Electricity prices are likely to climb after the National Energy Regulator of South Africa (Nersa) announced that Eskom can recoup costs of R7.8-billion incurred during its previous cycle of tariff increases.
Nersa announced this week that it had approved Eskom’s application to recoup under-recovered costs incurred during the last multi-year price determination period, which ended last year.
The decision could see an increase of between two percentage points and five percentage points, which will be tacked on to Eskom’s most recent round of tariff increases of 8% granted over the next five years.
Analysts expect the increase to put further pressure on South Africa’s inflation outlook, at a time when consumer inflation has risen above the South African Reserve Bank’s targeted range of 3% to 6%.
Eskom welcomed the decision – although the amount allowed by the regulator was substantially below the R18.4-billion that Eskom had applied for through the regulatory clearing account.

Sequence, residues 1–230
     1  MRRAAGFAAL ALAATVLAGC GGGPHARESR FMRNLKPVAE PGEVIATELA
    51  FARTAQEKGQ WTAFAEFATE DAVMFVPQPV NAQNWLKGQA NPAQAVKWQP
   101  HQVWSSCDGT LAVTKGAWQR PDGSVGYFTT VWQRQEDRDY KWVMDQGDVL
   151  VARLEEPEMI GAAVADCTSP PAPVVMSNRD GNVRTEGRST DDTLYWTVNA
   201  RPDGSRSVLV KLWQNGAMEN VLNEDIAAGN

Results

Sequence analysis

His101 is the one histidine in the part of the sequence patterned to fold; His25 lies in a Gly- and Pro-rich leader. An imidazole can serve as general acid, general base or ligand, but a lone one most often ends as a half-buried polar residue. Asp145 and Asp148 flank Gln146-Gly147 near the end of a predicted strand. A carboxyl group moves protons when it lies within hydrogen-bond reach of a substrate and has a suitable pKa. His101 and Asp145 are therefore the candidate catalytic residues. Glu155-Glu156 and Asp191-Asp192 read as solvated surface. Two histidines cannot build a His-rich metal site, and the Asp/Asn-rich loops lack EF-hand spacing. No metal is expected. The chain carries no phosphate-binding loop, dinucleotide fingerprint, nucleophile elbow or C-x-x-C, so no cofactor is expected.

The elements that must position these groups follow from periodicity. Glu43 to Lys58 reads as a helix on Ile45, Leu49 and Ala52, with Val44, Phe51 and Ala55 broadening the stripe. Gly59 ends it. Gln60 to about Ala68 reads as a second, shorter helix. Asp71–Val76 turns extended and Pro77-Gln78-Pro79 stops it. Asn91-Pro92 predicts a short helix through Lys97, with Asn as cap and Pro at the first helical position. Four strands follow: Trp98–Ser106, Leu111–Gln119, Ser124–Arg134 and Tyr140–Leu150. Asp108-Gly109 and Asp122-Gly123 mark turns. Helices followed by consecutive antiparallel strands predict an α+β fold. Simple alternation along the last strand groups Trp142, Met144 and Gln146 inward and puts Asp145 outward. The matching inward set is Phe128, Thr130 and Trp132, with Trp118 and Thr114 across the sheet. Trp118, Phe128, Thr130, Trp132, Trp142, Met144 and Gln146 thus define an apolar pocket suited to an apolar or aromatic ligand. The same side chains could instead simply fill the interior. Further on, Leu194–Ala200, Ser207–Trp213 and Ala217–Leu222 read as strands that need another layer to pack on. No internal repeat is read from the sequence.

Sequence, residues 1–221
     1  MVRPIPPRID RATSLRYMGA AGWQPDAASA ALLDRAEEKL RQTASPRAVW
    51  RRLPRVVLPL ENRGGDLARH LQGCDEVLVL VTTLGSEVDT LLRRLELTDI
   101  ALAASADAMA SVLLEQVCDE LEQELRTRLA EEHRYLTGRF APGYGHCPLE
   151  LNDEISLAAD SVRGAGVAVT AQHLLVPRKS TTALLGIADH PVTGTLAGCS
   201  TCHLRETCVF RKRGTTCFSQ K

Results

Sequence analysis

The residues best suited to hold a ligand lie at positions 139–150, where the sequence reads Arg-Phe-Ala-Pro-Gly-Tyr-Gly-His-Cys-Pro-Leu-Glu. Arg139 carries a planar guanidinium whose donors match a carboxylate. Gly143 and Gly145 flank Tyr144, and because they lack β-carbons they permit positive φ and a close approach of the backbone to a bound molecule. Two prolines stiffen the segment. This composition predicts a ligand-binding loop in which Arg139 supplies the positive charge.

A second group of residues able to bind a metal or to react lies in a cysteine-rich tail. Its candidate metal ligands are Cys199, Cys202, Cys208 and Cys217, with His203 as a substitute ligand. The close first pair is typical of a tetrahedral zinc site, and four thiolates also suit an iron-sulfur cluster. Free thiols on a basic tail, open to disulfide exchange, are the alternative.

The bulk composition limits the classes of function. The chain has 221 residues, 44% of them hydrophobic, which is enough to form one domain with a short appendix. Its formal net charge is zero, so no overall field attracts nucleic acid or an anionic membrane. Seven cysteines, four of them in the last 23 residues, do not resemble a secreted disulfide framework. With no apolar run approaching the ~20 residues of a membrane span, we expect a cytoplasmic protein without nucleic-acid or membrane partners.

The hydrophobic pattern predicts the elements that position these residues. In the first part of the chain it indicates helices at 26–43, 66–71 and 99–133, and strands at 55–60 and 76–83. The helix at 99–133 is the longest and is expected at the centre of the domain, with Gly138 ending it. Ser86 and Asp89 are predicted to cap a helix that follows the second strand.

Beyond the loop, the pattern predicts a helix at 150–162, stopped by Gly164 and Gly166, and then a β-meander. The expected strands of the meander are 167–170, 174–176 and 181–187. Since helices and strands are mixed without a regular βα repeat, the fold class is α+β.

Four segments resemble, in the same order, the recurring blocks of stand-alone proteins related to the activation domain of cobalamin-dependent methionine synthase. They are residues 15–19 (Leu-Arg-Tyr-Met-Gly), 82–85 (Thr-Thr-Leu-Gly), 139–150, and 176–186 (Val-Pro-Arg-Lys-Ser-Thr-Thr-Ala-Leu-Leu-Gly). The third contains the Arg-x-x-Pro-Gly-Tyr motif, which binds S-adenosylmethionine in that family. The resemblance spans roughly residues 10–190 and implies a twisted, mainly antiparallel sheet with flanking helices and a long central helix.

Charles Hlebela, spokesperson for the regulator, said the public could expect a tariff adjustment, which would begin from April 2015.
The regulator had yet to develop an implementation plan for the adjustment, which would outline how the money would be recovered in the coming years, Hlebela said.
Nomura analyst Peter Attard Montalto, in a research note, said tariffs would increase by between two percentage points and five percentage points, potentially increasing tariffs to 13% overall.
Larger tariff increases played into “existing Reserve Bank hawkishness”, he said. The central bank has warned that it is in an upward cycle of interest rate hikes – most recently increasing the repo rate by 25 basis points to 5.75%.
Inflation figures released by Statistics South Africa last week showed that consumer price inflation in June sat at 6.6%.
This comes alongside declining forecasts of economic growth.
The International Monetary Fund last week cut South Africa’s 2014 growth forecast to 1.7%, down from 2.3% in April, owing to electricity constraints and labour conflict.